Web Manager: You Can’t Serve Everybody

    September 6, 2005

Every time you serve someone, you make someone else wait. Every time you publish a piece of content you make other content less findable.

A myth has grown up around the Web that it is an extremely cheap publishing environment. This is simply not true. Publishing is much more than simply physically publishing content on a website, newspaper, magazine, etc.

There’s promotion and distribution. There’s the time of the reader. Remember, every time someone comes to your website, you charge them their time and attention. Time today is more precious than oil. Long after we have found a replacement for oil, we will still be facing 24-hour days.

Saying that distribution is cheap on the Web misunderstands a core principle of distribution. Sometimes when I’m stopped at traffic lights, there are people selling the local paper. Why? Surely, the publisher should know by now that if they published their newspaper on the Web they would save so much money on distribution. Sure they would, but their sales would plummet.

In an information-overloaded world, distribution is a form of advertising and promotion. Promotion will become an increasingly significant cost in a world burdened by choice. Hollywood spends almost as much promoting its films as it does making them. On the Web, you may have close to zero distribution costs, but you also have close to zero visibility.

Organizations are now spending more and more on getting people to their websites. However, just because someone visits your website doesn’t mean you have reached them. Your website may be too cluttered, with too many messages to too many audiences.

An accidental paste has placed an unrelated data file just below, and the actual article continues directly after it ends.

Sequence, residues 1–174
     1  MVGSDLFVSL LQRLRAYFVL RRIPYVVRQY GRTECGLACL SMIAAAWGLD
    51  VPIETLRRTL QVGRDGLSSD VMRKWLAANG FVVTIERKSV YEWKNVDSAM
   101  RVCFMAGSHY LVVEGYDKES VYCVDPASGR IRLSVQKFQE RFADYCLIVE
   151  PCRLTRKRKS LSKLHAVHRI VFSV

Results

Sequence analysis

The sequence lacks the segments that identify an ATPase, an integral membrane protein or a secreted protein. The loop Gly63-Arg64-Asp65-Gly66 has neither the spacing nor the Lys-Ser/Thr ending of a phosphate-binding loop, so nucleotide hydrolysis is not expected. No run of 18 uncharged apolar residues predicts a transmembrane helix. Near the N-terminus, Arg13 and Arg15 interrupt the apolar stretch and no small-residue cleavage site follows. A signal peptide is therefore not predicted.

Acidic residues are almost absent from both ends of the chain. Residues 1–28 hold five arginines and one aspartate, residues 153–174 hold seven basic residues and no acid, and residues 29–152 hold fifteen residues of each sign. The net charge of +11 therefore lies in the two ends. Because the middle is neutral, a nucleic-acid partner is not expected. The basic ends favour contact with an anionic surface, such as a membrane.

Every time you target a particular audience, you make another audience less visible and important. If you are trying to talk to 10 audiences on your homepage, you might as well be talking to none. As readers quickly scan your page, they see lots of messages that are not for them. Impatient scan readers like to be made feel special. Otherwise, they hit the Back button.

Every time you add a piece of content you make it more difficult for another piece of content to be easily found. Sure, you only make it a little more difficult. However, as you keep adding content, the navigation becomes less intuitive, and the search less effective. (Most people will not go to the second page of search results.)

It is a noble objective to try and answer everyone’s questions when they come to your website. However, it is neither practical nor achievable. Some will use Amazon as an example of a website that offers a huge range of products. Yes, that’s true. Amazon has spent over a billon dollars on its web operations. Amazon did not have to invent a classification for books and music, as sophisticated and well established classifications already existed.

Amazon creates very little of its own content; music and book publishers do, authors and reviewers do. Amazon has reduced overhead in other areas by getting publishers to do a lot of the work in classifying and describing the books and music available.

If you have all these advantages, then, sure, build a huge website. Otherwise, live within your means. Focus on your most important customers and make sure your website excels in meeting their needs. That’s how you create value.

For your web content management solution, contact Gerry McGovern http://www.gerrymcgovern.com

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